Sonus faber Liuto Review Burlington VT
Audio / Video, Home Automation / Systems Integration / Home Networking, Home Theater, Multi-Room Audio, Multi-Room Video
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South Burlington, VT
Sonus faber Liuto Review
February 15, 2010 By Steve Guttenberg
Sonus faber may be a small Italian speaker company, but you can literally see its influence in the curvy look of various B&W, KEF, Magico, Tannoy, Wharfedale and countless other speakers.
Thanks to Sonus faber, the box is out and round is in.
Franco Serblin founded Sonus faber in 1983 to build speakers that played music instead of merely reproducing it. The company has recently brought in a new designer, Paolo Tezzon, and the Liuto is the first of his designs I've sampled.
Tezzon's definitely on the right track. The Liuto's sound is at once very different and is still very Sonus faber. The Liuto's tweeter is something of a departure for the company. Over the past decade or so most of their speakers have used "ring radiator" tweeters. Tezzon's 1-inch fabric dome tweeter is more conventional in design, but its sound, all the way up to a claimed 25 kilohertz, is excellent. This is one high-resolution tweeter that'll never hurt your ears.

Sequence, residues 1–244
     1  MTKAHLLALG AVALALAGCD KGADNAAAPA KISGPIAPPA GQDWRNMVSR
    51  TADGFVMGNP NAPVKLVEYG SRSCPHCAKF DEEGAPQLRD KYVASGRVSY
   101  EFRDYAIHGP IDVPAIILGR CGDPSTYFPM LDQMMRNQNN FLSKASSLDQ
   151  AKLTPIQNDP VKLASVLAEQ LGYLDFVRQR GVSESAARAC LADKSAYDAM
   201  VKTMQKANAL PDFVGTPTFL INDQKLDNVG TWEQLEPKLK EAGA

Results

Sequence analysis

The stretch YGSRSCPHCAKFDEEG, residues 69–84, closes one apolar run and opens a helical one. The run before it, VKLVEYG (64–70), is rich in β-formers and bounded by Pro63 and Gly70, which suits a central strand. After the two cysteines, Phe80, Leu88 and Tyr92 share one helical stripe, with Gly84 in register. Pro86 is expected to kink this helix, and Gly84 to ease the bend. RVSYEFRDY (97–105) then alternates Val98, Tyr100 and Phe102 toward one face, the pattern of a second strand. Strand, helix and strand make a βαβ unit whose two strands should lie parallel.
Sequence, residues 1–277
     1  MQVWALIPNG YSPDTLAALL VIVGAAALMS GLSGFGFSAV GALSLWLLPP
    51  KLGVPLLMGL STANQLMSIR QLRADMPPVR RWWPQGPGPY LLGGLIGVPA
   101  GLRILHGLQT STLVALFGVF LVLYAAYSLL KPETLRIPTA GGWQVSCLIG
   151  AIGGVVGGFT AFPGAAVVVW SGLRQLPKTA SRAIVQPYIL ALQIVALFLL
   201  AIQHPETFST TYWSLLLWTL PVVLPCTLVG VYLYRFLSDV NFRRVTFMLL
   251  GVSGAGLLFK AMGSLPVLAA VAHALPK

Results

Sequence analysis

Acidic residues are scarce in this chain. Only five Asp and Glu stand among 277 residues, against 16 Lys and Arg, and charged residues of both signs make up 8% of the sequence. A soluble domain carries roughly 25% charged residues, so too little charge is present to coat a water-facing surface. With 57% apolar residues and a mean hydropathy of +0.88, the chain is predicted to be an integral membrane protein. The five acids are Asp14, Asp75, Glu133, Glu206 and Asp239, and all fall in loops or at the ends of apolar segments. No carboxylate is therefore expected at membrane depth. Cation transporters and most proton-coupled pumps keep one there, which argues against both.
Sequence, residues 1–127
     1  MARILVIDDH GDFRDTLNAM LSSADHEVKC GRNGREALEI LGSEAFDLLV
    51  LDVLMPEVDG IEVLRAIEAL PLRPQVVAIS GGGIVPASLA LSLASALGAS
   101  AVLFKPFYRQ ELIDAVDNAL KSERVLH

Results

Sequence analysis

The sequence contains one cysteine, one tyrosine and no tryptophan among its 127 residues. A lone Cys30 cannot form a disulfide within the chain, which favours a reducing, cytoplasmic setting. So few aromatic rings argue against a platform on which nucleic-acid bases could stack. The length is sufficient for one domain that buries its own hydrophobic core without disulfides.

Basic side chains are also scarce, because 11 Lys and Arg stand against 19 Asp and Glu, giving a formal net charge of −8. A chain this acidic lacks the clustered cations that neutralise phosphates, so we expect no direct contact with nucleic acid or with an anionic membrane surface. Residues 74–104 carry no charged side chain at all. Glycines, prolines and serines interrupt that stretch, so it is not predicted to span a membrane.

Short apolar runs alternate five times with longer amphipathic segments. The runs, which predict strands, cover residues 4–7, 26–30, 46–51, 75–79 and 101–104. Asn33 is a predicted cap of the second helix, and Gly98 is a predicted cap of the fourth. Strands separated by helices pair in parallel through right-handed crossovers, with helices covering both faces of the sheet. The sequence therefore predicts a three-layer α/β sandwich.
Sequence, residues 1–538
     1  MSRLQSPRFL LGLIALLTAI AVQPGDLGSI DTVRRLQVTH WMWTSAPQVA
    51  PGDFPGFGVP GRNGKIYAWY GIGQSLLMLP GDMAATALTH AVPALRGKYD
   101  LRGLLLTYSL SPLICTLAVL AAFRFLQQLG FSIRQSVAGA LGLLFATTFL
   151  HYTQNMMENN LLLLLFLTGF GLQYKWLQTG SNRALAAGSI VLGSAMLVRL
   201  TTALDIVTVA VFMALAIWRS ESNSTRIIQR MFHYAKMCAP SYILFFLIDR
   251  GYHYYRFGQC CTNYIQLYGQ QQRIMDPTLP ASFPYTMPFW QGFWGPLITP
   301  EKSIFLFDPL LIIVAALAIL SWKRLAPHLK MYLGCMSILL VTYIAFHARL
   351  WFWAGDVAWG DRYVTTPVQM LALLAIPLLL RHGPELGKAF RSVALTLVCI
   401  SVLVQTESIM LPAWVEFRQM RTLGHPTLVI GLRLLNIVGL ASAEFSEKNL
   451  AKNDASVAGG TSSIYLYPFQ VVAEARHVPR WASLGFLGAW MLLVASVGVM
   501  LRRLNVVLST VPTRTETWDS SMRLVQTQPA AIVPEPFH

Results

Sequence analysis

The midrange driver is unique. It features a woven, thermo-molded polypropylene cone, which is something I've never seen or heard before. Sure, plain vanilla molded polypropylene cones have rightly gone out of favor, mostly because they had a rather noticeable hollow, "plastic" coloration. Yet Tezzon's woven, thermo-treated polypropylene cone sounds smooth, detailed and lifelike.
The 9-inch aluminum/magnesium alloy woofer sports a "coaxial anti-compressor phase plug." This machined aluminum device was designed to reduce cavity resonances that build up behind the woofer. That makes sense—think of a woofer as a pump that moves a lot of air—and pressure build-up directly behind the woofer would interfere with the woofer's movements. Not on the Liuto's woofer, though. Similar devices have been used on Sonus faber's higher end speakers for years.
All three drivers are made in Denmark and built to Tezzon's exacting specifications.
Looking straight down on the top of the Liuto's cabinet you can't help but notice its curves mimic those of a classical lute (liuto is the Italian word for lute). The shape has graced a number of Sonus faber speakers, but instead of the company's traditional solid-wood cabinets, the Liuto's is milled, medium-density fiberboard. Its high-gloss, black-lacquered flanks are of more than cosmetic interest; its rounded sides minimize the speaker's resonance. Inside, strategically placed structural ribs further quell cabinet resonance, because unlike musical instruments, the best speaker cabinets are acoustically dead cabinets. They let the tweeter, midrange and woofer "speak" for themselves.
The Liuto's front baffle is covered in buttery soft faux leather, and again the goals were functional and aesthetic. The leather connotes pure Italian style and also serves as a gasket material to seal the driver frames to the cabinet.